However, while Brexit may not have dampened the level of UK M&A activity, it has led to greater complexities for M&A transactions and in particular additional burdensome regulatory changes due to the UK no longer being an EU Member State or part of the Single Market. For example, mergers with both an EU and UK dimension no longer benefit from the “one-stop shop” anti-trust clearance regime established by the EU Merger Regulation. As a result, many transactions will now require clearance from both the European Commission and the UK’s Competition and Markets Authority (CMA) (as well as any relevant competition authorities in other jurisdictions, such as the US and China). While there are similarities between the EU and UK merger control regimes, there are also material differences that can cause significant procedural impediments and delays to complete a merger or acquisition, including differences in substantive outcomes that can, under certain circumstances, prove terminal.
The full impact of these changes was not experienced during the transition period. Provided the European Commission initiated proceedings before 31 January 2021, the merger would remain within its jurisdiction alone. However, after that date, double exposure for merging parties began, resulting in the CMA now reviewing most multi-jurisdictional mergers in parallel with the Commission. It has been estimated that this will result in a 60-78% increase in the CMA’s workload,9 much higher than the 50% increase that the CMA itself had been predicting.
Early evidence suggests the CMA will be adopting an expansive approach to the exercise of its jurisdiction. This may, on occasion, result in mergers which are cleared by the European Commission being delayed, blocked or subjected to conditions by the CMA. Unlike the EU, the UK can use a “share of supply” test to establish jurisdiction; if a merger may result in a share of supply of 25% in any candidate market, or may increase further above that threshold, the CMA can step in. The CMA has used this jurisdictional test to examine mergers even where the merging parties generate little or even no revenue in the UK. The recent Sabre-Farelogix merger is a vivid illustration of this. The transaction involved the merger of two undertakings based in the US. The only nexus with the UK was indirectly through an agreement concluded in the US which was supported through an interlining agreement with British Airways. The merger was blocked in the UK, even though it would have been allowed to proceed (following judicial intervention) under US merger control legislation. The Competition Appeal Tribunal has subsequently confirmed the wide discretion of the CMA in application of the jurisdictional test.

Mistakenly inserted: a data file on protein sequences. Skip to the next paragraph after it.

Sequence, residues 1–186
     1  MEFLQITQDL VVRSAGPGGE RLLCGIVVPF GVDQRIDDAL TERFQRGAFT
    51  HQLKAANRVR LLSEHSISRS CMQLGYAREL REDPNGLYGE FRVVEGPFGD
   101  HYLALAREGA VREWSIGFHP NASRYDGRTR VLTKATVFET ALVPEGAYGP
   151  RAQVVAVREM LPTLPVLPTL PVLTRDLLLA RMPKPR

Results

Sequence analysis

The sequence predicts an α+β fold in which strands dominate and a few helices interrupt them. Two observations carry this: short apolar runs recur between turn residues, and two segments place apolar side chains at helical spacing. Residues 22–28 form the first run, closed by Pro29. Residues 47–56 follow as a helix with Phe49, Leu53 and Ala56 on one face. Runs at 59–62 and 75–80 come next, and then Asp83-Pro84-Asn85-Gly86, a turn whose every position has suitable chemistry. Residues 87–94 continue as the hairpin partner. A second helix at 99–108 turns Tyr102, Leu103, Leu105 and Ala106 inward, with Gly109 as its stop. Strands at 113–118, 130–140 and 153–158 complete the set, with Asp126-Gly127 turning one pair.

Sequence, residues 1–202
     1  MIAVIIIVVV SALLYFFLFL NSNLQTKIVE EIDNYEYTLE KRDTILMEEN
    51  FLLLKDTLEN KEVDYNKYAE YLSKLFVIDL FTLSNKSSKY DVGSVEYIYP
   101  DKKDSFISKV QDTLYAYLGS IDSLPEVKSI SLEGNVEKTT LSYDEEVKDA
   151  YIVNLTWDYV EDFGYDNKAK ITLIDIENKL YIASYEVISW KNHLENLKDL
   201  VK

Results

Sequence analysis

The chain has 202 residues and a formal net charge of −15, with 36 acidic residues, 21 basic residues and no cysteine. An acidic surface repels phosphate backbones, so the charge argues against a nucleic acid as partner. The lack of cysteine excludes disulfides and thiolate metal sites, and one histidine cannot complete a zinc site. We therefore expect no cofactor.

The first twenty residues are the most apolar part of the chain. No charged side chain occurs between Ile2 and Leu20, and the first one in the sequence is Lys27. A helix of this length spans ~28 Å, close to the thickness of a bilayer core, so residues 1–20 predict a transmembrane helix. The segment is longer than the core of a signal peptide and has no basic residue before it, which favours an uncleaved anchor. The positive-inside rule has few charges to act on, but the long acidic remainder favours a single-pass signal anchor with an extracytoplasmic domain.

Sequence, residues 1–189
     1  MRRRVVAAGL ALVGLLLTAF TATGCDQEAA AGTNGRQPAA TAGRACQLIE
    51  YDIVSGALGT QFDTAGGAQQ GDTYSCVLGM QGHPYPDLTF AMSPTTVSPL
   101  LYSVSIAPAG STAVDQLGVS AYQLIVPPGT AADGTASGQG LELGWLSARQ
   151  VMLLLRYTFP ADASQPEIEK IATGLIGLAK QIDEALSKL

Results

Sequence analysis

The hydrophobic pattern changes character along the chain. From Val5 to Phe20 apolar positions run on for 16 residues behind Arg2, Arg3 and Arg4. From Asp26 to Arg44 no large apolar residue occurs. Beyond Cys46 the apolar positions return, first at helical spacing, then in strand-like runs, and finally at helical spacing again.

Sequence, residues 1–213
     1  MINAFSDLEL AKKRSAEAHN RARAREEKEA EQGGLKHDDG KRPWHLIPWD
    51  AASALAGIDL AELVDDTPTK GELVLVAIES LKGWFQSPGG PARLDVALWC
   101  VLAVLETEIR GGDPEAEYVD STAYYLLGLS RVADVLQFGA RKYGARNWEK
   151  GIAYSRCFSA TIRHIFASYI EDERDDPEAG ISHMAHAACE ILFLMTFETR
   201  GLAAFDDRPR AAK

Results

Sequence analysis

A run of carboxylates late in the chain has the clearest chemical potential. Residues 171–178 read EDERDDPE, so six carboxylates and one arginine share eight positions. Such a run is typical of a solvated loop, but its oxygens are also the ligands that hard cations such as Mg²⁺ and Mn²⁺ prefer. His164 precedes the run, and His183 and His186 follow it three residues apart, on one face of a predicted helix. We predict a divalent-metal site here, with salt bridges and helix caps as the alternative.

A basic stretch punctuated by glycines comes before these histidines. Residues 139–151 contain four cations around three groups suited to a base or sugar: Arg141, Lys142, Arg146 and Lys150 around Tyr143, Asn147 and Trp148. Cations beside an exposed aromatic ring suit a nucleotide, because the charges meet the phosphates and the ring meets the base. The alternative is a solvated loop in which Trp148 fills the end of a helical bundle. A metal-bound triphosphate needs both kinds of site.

Undoubtedly, a similar conflict of outcomes will occur in the future between the EU and the UK. This is particularly so, given differences in the CMA’s and the European Commission’s approach to substantive assessment of mergers and the remedies required to address any lessening of competition. Post-Brexit comments by the CMA (for example, criticising EU decisions in the technology sector) suggest that the prospect of divergence in approach and outcome is more than merely academic. For example, Andrea Coscelli, chief executive of the CMA, has stated that the CMA is sceptical of the complex, long-running behavioral remedies accepted by the European Commission (for example, in the Commission’s assessment of the Google-Fitbit transaction)10.
Despite its expansive approach to jurisdiction, Colin Raftery, Senior Mergers Director for the CMA, noted during a webinar on 4 November 2021 that the CMA had seen a smaller increase than expected in post-Brexit merger case-load, with the number of merger reviews conducted at the lower end of CMA’s post-Brexit workload forecasts. (This may be attributed, in part, to a greater proportion of acquisitions in the last 18 months being led by financial or private equity investors, rather than industry or trade buyers, with the result that substantive competition concerns did not arise to the same extent). This is borne out by recently published CMA data for the post Brexit year which shows that the CMA launched only 12 merger reviews parallel to EU reviews, two of which went to a CMA second phase review.
Further post-Brexit regulatory challenges to M&A continue to emerge from new legislative initiatives that are, at least in part, a result of the UK’s expanded jurisdictional autonomy post-Brexit, or the EU’s concerns over how the UK will exercise that autonomy. In the UK, the National Security and Investment Act 2021 (NSIA) provides the UK Government with retrospective powers (back to 11 November 2020) to screen acquisitions and investments that may give rise to a risk to national security through its new “Investment Security Unit”. Since 4 January 2022, there are mandatory notification requirements for transactions within 17 sensitive economic sectors, ranging from defense and energy to synthetic biology and transport. Qualifying entities to which the NSIA applies include both UK entities and overseas entities that carry on activities, or supply goods or services to persons, in the UK, potentially impacting acquisitions that take place entirely outside the UK. The scope of the new powers granted by the NSIA and the range of the 17 economic sectors involved will without doubt prove to be a further irritant in the progress of M&A transactions in the future and, in some cases, the ability to close those transactions.